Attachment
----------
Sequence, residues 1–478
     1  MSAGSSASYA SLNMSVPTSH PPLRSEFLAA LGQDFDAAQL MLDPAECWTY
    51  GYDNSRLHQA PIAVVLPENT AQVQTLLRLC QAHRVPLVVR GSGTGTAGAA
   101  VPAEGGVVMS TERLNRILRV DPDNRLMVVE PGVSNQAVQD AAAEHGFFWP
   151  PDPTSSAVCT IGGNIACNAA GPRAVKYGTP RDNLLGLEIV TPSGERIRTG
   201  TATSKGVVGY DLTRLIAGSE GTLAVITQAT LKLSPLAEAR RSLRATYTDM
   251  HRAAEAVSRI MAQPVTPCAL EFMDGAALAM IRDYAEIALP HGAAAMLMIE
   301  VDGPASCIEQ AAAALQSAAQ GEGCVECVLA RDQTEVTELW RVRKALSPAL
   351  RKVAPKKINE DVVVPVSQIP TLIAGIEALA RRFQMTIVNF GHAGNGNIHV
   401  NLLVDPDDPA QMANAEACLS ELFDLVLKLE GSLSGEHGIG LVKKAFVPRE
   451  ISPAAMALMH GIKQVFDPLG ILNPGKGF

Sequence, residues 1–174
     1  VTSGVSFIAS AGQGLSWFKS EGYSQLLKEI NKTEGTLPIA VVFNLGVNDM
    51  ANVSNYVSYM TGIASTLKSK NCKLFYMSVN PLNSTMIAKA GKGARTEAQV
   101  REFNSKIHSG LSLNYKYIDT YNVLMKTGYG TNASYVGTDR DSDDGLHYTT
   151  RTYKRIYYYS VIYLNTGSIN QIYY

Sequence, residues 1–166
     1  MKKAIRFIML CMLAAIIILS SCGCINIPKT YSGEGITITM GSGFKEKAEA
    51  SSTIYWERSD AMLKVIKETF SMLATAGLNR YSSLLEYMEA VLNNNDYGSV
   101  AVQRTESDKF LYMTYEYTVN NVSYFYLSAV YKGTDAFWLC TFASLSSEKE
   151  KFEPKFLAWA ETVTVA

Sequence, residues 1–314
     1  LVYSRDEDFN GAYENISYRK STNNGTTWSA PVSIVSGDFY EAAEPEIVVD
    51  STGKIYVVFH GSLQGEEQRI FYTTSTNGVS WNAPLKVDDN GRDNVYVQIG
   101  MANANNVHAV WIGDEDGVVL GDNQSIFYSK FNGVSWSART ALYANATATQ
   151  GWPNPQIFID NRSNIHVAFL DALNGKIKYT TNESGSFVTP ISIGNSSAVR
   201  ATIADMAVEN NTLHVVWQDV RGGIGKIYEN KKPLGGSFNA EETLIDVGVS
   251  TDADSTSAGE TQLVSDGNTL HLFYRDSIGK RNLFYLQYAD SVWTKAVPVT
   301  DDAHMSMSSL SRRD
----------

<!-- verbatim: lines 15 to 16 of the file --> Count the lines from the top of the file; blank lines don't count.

   101  REFNSKIHSG LSLNYKYIDT YNVLMKTGYG TNASYVGTDR DSDDGLHYTT
   151  RTYKRIYYYS VIYLNTGSIN QIYY